“Girls’ weekend” and “death” really shouldn’t keep company, but a few weekends ago they did, and all things considered, it was nice. This November, for the first time in 23 years, my high school girlfriends gathered without our friend Christine, who died at the tail end of last year. The remaining eight of us weren’t exactly moping around all weekend, but our ninth friend, our sweet bubbly friend, she of the clear blue eyes and husky laugh, was never far from our thoughts.
Another death followed me around over the girls’ weekend. Again, it was kind of nice. My friends and I stayed at my at my in-law’s home in Florida, a home my dear father-in-law, who died two years ago, loved to share with his family. Certainly he’s still around the place. I kept expecting to hear his booming welcome every time I opened the door. I wore his hat all weekend and that was nice too.
I had anticipated feeling the absence of these two beloved folks, so along with my sandals I packed a few poems about death. But I felt presence more than absence. The poems, dark and anguished, express emotions heavier than what I felt.
I left the poems on a beach ravaged by Hurricane Sandy. The storm carved out chunks of sand dunes, ripped out stairs, downed poles, and deposited loads of trash on a much-diminished beach. With so much litter on the beach, a little literary litter seemed an act of beautification.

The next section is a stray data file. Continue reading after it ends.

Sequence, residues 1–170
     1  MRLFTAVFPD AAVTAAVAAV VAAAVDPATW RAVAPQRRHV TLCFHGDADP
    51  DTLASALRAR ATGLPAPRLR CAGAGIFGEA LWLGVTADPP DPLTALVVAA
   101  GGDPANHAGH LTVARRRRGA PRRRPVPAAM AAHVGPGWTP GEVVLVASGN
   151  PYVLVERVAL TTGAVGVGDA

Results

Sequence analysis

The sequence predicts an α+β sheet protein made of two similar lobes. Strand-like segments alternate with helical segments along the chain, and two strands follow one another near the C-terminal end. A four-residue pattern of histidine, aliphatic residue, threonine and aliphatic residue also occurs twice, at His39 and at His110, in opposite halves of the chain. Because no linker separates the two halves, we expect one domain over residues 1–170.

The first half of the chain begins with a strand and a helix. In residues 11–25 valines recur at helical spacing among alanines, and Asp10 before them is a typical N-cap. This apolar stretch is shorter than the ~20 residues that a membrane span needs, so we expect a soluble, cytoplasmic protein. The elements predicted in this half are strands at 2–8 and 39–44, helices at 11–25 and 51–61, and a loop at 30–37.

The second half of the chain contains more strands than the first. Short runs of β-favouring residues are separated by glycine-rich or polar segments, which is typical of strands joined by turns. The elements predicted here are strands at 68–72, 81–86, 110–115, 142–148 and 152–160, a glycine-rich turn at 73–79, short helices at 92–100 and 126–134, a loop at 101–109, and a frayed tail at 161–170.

I left two poems by Jane Kenyon, one of my favorite poets. She’s a reluctant expert on loss, having suffered debilitating depression and then living with and dying from leukemia in her forties. Both poems concern losing a parent.
The first,”What Came to Me,” I threaded through some sea grass looped around one of the remaining beach stairs.
The drop of gravy is a heartbreaker.
The second Kenyon poem, “How Like the Sound,” I attached to a downed pole.
Here she is once-removed from grief. With a poet’s eye and a wife’s warm heart, she observes her husband mourning his mother: “Not since childhood/had you wept this way, head back, throat/ open like a hound”:
“Oceans” by Marie Ponsot I poked through a root exposed by the cratered sand dune.
“Taste like talk fades from a stiffening tongue” is horrifying.
Finally, in memory of Christine and Big Joe, I stuck H.D.’s “Never More the Wind” on a sea grape branch.
Sometimes the simplest words speak of the most difficult truths: “Like a light out of our heart/you are gone.”